Gypsy, Roma and Traveller History Month 2010 has come to end and what a month it’s been. Last year’s single event at the Chamber of Commerce Building was the foundation for the three events this year.
The National Launch at the Senedd (27th May) celebrated the work of school children across Cardiff and Newport in our first GRT History Month poster competition. Schools in both cities worked with Cardiff Traveller Education Service and Gwent Education Multi-ethnic Service (GEMS) to put Gypsy, Roma and Traveller issues on the curriculum culminating in two competitions to design posters to advertise the main events in those cities.
The winners were presented with framed copies of their posters that were almost as big as they were, by Helen Mary Jones AM and Chair of the Welsh Assembly’s Children and Young People’s Committee.
Celebration and Challenge
The Newport event at the Riverfront Theatre and Arts Centre (17th June) was designed to challenge while celebrating the contribution of Gypsy, Roma and Traveller people to the local community. A week long residency, funded by Newport Children and Young People’s Partnership, involved children from a wide range of ethnic backgrounds drawn from 6 schools across Newport and led to a performance of unity entitled ‘Me, Us and You’.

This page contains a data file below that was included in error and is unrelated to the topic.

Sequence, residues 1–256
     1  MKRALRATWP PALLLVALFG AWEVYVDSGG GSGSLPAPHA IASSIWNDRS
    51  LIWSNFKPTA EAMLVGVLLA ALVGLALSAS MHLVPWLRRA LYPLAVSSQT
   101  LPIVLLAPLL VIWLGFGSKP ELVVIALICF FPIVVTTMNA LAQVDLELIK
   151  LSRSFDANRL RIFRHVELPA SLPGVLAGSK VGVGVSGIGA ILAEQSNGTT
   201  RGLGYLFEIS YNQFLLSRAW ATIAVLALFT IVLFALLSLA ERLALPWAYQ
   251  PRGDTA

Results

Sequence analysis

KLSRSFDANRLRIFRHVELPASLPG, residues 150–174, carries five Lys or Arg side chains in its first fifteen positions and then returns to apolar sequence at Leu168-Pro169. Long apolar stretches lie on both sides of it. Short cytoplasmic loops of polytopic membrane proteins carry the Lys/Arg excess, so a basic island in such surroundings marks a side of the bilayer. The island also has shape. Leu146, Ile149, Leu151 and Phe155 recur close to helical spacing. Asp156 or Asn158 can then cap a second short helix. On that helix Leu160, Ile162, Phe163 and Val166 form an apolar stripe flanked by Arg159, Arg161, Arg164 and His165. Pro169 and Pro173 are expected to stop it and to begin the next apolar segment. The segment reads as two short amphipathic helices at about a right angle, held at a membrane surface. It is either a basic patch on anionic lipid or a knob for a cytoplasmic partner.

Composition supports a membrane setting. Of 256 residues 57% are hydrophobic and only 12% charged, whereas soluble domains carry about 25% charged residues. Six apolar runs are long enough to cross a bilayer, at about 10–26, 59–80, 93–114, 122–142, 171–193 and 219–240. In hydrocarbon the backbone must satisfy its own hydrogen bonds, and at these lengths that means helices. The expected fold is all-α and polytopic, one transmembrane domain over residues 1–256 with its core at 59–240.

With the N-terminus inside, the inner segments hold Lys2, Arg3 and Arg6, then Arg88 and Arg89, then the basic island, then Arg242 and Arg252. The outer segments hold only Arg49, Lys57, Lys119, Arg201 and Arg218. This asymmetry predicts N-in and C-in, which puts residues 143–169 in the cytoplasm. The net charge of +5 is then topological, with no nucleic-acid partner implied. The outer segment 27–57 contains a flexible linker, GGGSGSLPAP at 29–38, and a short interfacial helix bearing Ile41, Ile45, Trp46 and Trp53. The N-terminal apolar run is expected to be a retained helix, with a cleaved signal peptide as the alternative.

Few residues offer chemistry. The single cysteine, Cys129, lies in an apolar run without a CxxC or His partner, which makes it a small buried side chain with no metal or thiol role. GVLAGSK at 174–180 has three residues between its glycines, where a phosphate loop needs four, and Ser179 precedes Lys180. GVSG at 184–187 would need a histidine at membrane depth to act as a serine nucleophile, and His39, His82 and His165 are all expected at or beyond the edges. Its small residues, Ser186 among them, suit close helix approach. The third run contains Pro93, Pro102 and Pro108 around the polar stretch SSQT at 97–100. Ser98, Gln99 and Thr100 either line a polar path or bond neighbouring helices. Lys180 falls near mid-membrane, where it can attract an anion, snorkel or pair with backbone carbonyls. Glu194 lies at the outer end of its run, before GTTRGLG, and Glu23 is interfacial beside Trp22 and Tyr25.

The event, which also included traditional storytelling, waggon painting workshops and video, included a short documentary on the plight of the children of Dale Farm who are fighting eviction from Europe’s largest Gypsy/Traveller site (Courtesy of the Children’s BBC/International Film School Wales) compared and contrasted with the eviction and demolition of Sulukule in Turkey and the plight of the Romani minority in Kosovo, who remain in a UN refugee camp in a disused lead mine (Mitrovica) in a lecture given by Dr Adrian Marsh.
The Cardiff event (29th June) at the Pierhead Building was designed to bring out the Gypsy, Roma and Traveller communities, and it certainly did that. An unashamed celebration of community and particularly of our young people saw performances of dance, both traditional and hip-hop, waggon painting workshops, dukering, traditional storytelling and circus skills performances.
The NoFit State Circus worked with young people on the Shirenewton site over a period of 3 weeks to put together their performances for an audience of family, friends and strangers.
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